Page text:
Oh boy. Talk about a feeling of doom. That’s what steals over you when you’re opening up that application and looking back over it again a few days after you’ve submitted it… and you see that you made a mistake. Uh oh. Or for most people, “NO EFFING WAY OMG WHAT THE F@CK WHAT IN…
The Stanford GSB admissions team is fond of telling applicants that nobody but Stanford knows what Stanford wants. What they’re trying to caution you about is admissions consultants telling you what to say and how to say it – because the consultant claims that they know how to get into Stanford. How can someone who’s…
We’re reblogging this very important – and timely! – post that originally went up in 2012. For anyone still scrambling on apps, we’re around to help! We can let you know if you’re ready for Rd 1 or if you may be in a better position by stepping back and re-evaluating your full pitch for Rd 2.
From September 2012:
“Is good writing more important than Round 1?”
But let’s try to answer the question directly:
I was originally planning on applying to my schools in round 1 and had made some headway but I recently was advised that since my writing skills need improvement, I should take some time to improve my essays and apply in round 2. Do you think it matters more to have an essay that showcases good writing skills than applying in round 1 and standing out that way?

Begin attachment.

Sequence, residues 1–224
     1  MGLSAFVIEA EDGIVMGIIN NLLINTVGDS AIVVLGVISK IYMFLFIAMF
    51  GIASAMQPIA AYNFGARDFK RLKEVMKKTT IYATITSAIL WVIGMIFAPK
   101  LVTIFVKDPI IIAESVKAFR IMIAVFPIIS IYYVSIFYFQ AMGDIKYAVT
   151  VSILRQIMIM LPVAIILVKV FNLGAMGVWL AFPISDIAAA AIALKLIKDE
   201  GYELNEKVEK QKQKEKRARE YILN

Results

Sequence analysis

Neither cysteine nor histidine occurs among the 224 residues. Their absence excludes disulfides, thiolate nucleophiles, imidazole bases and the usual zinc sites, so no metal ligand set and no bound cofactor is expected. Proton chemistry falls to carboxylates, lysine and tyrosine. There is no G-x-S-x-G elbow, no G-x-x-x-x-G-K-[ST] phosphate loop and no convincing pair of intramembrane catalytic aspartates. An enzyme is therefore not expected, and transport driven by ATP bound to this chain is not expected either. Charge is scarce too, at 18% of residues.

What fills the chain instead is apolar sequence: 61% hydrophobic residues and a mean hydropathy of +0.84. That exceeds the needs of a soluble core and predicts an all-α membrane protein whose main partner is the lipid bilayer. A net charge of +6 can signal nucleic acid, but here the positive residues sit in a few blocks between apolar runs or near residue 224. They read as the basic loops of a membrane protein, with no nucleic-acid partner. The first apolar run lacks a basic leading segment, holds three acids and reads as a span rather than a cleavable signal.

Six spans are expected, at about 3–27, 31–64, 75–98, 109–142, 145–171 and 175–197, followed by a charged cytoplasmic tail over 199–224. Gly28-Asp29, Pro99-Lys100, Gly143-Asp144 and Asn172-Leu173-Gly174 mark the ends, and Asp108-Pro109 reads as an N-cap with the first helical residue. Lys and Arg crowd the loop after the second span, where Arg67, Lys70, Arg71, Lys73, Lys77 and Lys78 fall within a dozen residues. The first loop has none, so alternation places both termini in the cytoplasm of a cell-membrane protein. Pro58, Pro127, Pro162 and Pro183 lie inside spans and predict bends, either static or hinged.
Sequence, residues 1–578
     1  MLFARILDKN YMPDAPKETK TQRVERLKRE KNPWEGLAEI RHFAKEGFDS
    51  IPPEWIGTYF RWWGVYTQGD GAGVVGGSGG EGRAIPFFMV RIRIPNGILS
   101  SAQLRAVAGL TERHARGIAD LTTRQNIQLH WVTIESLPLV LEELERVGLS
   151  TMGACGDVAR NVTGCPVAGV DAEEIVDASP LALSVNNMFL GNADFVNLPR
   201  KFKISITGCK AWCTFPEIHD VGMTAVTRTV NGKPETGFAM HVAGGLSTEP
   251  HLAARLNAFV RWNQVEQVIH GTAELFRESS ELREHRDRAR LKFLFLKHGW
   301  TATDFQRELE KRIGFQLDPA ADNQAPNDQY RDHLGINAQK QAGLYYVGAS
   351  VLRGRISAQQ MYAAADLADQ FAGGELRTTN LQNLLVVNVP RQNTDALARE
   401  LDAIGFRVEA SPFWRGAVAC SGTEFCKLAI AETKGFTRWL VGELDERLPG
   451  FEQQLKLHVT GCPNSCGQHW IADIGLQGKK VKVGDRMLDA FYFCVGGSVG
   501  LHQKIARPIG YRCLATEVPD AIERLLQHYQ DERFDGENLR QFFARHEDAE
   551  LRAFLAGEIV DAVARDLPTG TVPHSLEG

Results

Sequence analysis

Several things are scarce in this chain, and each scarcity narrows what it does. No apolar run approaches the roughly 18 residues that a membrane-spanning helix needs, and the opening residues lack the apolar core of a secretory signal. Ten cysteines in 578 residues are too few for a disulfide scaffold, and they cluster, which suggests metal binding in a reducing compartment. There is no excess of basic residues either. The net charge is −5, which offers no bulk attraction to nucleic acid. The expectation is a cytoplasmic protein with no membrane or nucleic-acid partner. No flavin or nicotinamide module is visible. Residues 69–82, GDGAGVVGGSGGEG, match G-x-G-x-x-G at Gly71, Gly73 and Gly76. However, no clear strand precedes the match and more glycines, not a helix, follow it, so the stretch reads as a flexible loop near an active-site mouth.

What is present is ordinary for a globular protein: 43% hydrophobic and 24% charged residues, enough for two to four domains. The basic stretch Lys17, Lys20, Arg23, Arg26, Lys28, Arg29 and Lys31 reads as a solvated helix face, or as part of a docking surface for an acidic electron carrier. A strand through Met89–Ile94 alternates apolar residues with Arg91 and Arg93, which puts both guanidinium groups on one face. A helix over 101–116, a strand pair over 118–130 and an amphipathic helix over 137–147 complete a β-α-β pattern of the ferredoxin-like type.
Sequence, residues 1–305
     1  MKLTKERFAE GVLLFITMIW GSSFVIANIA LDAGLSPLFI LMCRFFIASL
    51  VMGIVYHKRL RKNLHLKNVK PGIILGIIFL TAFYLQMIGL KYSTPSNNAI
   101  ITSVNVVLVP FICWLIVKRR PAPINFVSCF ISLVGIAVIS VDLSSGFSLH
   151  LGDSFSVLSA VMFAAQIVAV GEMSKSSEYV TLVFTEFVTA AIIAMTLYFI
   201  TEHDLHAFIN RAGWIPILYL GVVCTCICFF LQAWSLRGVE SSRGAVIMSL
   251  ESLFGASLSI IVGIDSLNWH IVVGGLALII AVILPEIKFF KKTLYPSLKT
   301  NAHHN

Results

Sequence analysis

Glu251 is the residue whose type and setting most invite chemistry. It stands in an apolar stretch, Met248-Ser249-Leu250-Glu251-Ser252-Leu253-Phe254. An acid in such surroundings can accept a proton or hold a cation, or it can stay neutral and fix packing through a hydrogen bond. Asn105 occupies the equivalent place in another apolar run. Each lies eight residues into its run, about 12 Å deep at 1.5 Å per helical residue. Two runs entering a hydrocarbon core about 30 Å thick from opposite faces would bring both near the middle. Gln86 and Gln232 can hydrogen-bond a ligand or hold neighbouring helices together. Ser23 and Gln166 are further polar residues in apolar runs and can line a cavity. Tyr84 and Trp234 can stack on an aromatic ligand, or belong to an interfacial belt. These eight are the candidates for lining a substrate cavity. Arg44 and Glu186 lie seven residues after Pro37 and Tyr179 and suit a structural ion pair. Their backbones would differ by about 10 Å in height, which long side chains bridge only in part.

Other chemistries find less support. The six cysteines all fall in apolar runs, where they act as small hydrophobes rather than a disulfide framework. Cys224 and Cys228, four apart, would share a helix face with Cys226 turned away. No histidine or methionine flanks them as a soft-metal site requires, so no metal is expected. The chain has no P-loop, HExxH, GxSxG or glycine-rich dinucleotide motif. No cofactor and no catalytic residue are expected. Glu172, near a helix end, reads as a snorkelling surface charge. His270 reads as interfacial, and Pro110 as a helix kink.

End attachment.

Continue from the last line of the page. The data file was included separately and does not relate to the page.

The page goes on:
Applying in Round 1 doesn’t actually help you “stand out” – but if your writing is really that bad, then that WILL make you stand out – and not in a positive way!
Round 1 is an advantage only when the application is strong. If the writing in the essays is not up to par, then by definition, the application is not strong.
The essays are your chance to shine. They need to show you in the best possible light. If they are hard to understand because of unclear sentence structure or ideas that don’t make sense the way they’re strung together, or if they’re riddled with typos, grammar problems, or even just mild punctuation errors, then they’re detracting from your candidacy. If there’s an overabundance of these issues, then they can keep you out of bschool.
You’ll be competing against candidates whose essays are PERFECT. If yours are not there yet – then go back to the drawing board. Spend more time with them. The CONTENT of the essays (the stories you tell, how you’re presenting your profile) and the CONSTRUCTION of the essays matter almost equally. Both go together to communicate your pitch. If the adcom will have trouble understanding what you’re saying… then it sorta defeats the purpose of writing an essay.